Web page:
With rising prices, a crowded rental market and low interest rates, it now makes sense to buy rather than rent a property. First-time home ownership is, however, falling because young people can’t afford it.Germany’s Frankfurter Allgemeine Zeitung newspaper published two headlines side by side: "48% of households in Germany are now property owners," said one, while the other announced that "Property Prices Climb Higher."
The Federal Bureau for Statistics published figures on Tuesday that, at the start of 2018, "nearly half of households can call their house their own." After years of economic stability, weathering storms that sunk other countries, you might expect the German homeownership "ship" to finally be setting sail, but the opposite is true.
"It’s striking — Germany is one of Europe’s wealthiest nations, but we have very low homeownership rates," housing specialist Pekka Sanger from the German Economic Institute, told DW, pointing to a strong social net and pension system that meant there was little need to buy housing in the past.
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Other factors that have historically fueled rental demand include high interest rates, demands for huge deposits from banks and a cultural stigma against debt (there is no word for mortgage in the German language) linked to historical events like hyperinflation in the 1920s and the postwar rebuilding of the country.
Priced out despite low interest rates
These days, low interest rates and an urge not to be crowded out of the housing market mean that it makes sense to buy in many German cities. Interest rates have dropped from 4.33% to 1.65% in a decade. But, despite a surge in property prices, with Berlin becoming the world's fastest growing real estate market last year, the expected increase in buyers has not manifested itself.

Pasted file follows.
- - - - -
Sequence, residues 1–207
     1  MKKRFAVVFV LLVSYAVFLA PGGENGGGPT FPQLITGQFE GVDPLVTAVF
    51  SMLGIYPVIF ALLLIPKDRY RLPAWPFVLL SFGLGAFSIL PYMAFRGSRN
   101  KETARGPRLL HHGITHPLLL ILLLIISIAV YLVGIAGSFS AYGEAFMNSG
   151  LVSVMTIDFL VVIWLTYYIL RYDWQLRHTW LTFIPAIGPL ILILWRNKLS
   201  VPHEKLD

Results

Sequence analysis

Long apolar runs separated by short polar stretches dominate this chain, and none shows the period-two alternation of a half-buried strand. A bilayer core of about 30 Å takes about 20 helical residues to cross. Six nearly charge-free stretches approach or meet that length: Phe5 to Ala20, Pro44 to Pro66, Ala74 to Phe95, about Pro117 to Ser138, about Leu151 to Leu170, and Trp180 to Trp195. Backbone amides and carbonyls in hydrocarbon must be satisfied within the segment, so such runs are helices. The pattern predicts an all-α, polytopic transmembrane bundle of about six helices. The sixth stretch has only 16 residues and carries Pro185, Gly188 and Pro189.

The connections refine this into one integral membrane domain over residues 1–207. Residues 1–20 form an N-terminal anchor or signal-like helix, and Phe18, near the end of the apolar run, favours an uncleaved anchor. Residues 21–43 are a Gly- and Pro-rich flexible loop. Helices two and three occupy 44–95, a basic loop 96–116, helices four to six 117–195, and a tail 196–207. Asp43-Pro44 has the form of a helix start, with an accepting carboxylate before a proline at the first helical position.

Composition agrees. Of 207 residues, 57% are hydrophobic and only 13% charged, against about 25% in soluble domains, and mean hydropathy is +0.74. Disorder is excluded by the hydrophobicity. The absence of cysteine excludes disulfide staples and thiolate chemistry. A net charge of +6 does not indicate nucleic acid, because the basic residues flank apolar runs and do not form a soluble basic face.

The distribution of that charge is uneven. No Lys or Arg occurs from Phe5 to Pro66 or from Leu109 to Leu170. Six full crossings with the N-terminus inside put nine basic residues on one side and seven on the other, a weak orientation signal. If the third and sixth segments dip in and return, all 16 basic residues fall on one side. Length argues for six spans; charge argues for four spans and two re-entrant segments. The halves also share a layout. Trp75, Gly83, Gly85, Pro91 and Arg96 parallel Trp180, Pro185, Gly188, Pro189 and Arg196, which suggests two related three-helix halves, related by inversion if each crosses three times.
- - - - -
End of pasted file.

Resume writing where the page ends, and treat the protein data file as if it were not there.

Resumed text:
Sanger thinks that "housing might become as important as in other countries because of changing demographics like an aging population" but points out that homeownership is actually falling by some measures in Germany, despite conditions that make it sensible in some cities.
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In Germany, private companies own huge numbers of properties and rent them out. This worked well for a long time but, as the country urbanized, rental prices in desirable locations have rocketed. Rental prices have risen by more than 50% in nine cities since 2005, according to the Central Real Estate Committee (ZIA).
Deutsche Bank, meanwhile, said in a recent report that "we expect that, during the coming years, house prices will continue to rise in all metropolitan areas covered" while the ZIA warned that the construction of new housing is being "totally neglected."
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Only Bulgaria, Greece and Denmark have it worse.
The lack of affordable housing has had a terrible effect on those on the lowest incomes. Germany is now one of Europe’s worst offenders for so-called housing cost overburden — where people spend more than 40% of their income on housing.
Some 16% of the population fits this category, the fourth highest in the EU and worse than Turkey. Although tenants’ rights meant that the large rental sector has been protected from the worst effects of high prices in comparison to other countries, who knows how long that will last.
"We are seeing a decline in first-time home buyers. Low-interest rates are beneficial to property buyers because they make mortgages more attractive, but this doesn’t affect the cost of a downpayment, which is also linked to property prices," said Sanger.
"We saw an increase in the number of first-time homebuyers in 2011 when there was a similarly-low interest rate, but this time, the cost of a deposit has risen and taken ownership out of the range of what most younger people can afford," he told DW.